CD4 counts rose after resumption of therapy (Chen et al. 2002; Sommet et al. 2003; Gibb et al. 2004; Giard et al. 2005; Wolf et al. 2005; Sanchez et al. 2007; Touloumi et al. 2008; Mussini et al. 2009). The increase was biphasic with a steeper slope in the first months after re-initiation of therapy (Touloumi et al. 2008; Mussini et al. 2009). However, CD4 recovery was incomplete: in studies reporting CD4 recovery, the proportion of patients experiencing an increase in CD4 counts to levels before treatment interruption at 24 months ranged from 28% to 69% (Chen et al. 2002; Giard et al. 2005). One study that investigated the effect of treatment interruption in a prison setting found that patients with continuous ART treatment gained on average 0.67 CD4 cells per months compared with intermittently treated patients who lost cells at an average of 0.93 CD4 cells per month (Pai et al. 2009).

The majority of studies reported that patients experienced virologic suppression once treatment was restarted (Chen et al. 2002; Yozviak et al. 2002; Gibb et al. 2004; Wolf et al. 2005; Touloumi et al. 2008; Mussini et al. 2009). However, treatment interruptions were associated with an increased risk of rebound and virologic failure in developed and developing countries (Murri et al. 2002; Parienti et al. 2004, 2008; Spacek et al. 2006; Laher et al. 2007; Oyugi et al. 2007; Bansi et al. 2008; Boileau et al. 2008; Kouanfack et al. 2008; Knobel et al. 2009; Datay et al. 2010; Ekstrand et al. 2010). A study from Spain differentiated treatment interruptions because of patients’ choice and adherence difficulties or physician’s advice for toxicity, severe side effects, or intercurrent illness. After adjusting for drug regimen and adherence level, the risk of a detectable viral load (>500 copied/ml) or death was 3.62 for the former and 1.36 for the latter, compared with continuous treatment (Knobel et al. 2009). A study among adults receiving boosted protease inhibitors (PI) reported that average adherence predicted viral suppression, whereas treatment interruption did not in multivariate analysis (Parienti et al. 2010).

Four studies investigated the development of resistance mutations (Parienti et al. 2004; Spacek et al. 2006; Oyugi et al. 2007; Sanchez et al. 2007). In a study from France, interrupting treatment more than once was significantly associated with the development of resistance to the non-nucleoside-reverse-transcriptase inhibitors (NNRTI) class (hazard ratio 22.5, 95% CI 2.8–180.3) (Parienti et al. 2004). Among 19 treatment interrupters in Spain, nine had mutations in the reverse transcriptase gene and 17 had polymorphism in the protease gene, with L63P being the most commonly found (Sanchez et al. 2007). In Uganda, none of the patients with continuous treatment had evidence of resistance mutations, but 13% of patients with a history of treatment interruption had resistance mutations: all of them had mutations conferring nevirapine resistance, five had mutations conferring lamivudine resistance, and three had mutations conferring stavudine resistance (Oyugi et al. 2007). Another study from Uganda showed resistance to NNRTI class in 26 of 36 patients with detectable viral load with the most common mutation being K103N. Twenty-three of the 36 patients had the M184V/I mutation and three had genotypic resistance to PIs (Spacek et al. 2006).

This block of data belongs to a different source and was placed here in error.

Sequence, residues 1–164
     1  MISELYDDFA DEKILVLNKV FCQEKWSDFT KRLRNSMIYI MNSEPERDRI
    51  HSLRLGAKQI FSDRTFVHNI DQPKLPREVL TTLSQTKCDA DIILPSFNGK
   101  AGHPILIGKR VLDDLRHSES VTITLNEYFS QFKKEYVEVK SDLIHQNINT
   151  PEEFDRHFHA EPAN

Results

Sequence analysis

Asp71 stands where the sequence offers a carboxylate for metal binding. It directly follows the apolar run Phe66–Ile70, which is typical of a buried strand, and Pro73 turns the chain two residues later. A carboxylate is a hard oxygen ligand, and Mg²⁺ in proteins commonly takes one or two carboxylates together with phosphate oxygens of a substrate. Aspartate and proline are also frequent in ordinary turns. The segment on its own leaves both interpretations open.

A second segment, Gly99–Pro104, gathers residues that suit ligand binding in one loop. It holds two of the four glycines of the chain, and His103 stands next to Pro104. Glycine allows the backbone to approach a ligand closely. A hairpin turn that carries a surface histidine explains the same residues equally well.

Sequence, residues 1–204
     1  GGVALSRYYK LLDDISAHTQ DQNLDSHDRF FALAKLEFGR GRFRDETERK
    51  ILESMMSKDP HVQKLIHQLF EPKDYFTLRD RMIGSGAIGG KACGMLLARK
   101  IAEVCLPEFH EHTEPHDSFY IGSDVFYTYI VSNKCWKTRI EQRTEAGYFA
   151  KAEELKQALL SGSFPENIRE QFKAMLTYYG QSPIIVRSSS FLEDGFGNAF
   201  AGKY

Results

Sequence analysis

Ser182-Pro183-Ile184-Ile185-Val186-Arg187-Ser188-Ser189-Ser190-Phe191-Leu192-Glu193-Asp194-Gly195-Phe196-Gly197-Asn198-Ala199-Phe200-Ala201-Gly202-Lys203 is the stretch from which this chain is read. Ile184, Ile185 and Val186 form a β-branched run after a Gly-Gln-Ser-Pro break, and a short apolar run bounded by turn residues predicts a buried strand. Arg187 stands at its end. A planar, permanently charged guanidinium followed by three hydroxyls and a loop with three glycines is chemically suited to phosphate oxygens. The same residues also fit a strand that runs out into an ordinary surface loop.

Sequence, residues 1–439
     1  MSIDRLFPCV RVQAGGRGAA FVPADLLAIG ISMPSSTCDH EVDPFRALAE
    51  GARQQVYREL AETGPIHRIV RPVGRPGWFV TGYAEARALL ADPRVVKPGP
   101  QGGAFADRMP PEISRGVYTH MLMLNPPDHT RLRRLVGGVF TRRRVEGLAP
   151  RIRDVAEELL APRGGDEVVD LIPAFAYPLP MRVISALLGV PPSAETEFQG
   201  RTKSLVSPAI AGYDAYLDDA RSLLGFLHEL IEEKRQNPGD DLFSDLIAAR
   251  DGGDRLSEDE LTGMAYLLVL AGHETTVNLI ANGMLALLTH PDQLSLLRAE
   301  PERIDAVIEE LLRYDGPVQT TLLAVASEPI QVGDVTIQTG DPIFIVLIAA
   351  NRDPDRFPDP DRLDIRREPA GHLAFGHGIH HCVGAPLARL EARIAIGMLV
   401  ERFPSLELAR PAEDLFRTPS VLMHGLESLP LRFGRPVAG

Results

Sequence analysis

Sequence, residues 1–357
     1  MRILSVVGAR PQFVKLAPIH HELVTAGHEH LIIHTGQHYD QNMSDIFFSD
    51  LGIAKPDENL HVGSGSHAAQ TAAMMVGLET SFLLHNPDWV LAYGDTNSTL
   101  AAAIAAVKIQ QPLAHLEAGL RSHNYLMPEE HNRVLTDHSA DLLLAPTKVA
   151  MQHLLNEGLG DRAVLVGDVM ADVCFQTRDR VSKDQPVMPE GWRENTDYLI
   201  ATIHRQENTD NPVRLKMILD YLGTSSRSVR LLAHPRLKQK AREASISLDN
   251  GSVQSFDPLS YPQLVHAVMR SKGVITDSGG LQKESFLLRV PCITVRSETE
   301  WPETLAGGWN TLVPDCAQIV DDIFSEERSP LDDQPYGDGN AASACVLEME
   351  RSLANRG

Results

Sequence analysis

Interventions

We only identified one intervention study. This randomized controlled trial from Kenya showed that short message service reminders either daily or weekly reduced the prevalence of treatment interruptions exceeding 48 h from 19% to 10% (P = 0.03) (Pop-Eleches et al. 2011).

Six studies investigating risk factors associated with treatment interruptions discussed possible interventions. Studies from developed countries suggested appropriate counseling on the consequences of drug discontinuation, encouragement of optimal adherence, offering of mental health services, addressing addictions, and providing services specifically engaging women and ethnic minorities (Li et al. 2005; Moore et al. 2009; Murri et al. 2009). Studies from Uganda and Cameroon emphasized the importance of steady and reliable access to medication, as well as free access to ART and possibly food supply programs (Oyugi et al. 2007; Marcellin et al. 2008). A study from South Africa concluded that interventions should be targeted at men and during the first 6 months on ART (Kranzer et al. 2010).

When patients were asked to give at least one suggestion how to improve adherence and reduce treatment interruptions: 46% suggested reduction in daily doses, 28% more detailed information about therapy, 27% more attention to side effects, 20% more time dedicated to adherence-related issues, 19% supervised treatment interruptions, and 16% psychological help (Ammassari et al. 2004).

Conclusions

Recent research has highlighted the importance of non-adherence to and defaulting from antiretroviral care in contributing to poor program outcomes (Garcia De Olalla et al. 2002; Nieuwkerk & Oort 2005; Mills et al. 2006; Maggiolo et al. 2007; Rosen et al. 2007; Brinkhof et al. 2009). Our review highlights that unstructured treatment interruptions, while far less frequently reported, are an important phenomenon both in developed and in developing countries and may result in excess mortality and opportunistic infections, increased risk of virologic failure, and poor immunological recovery.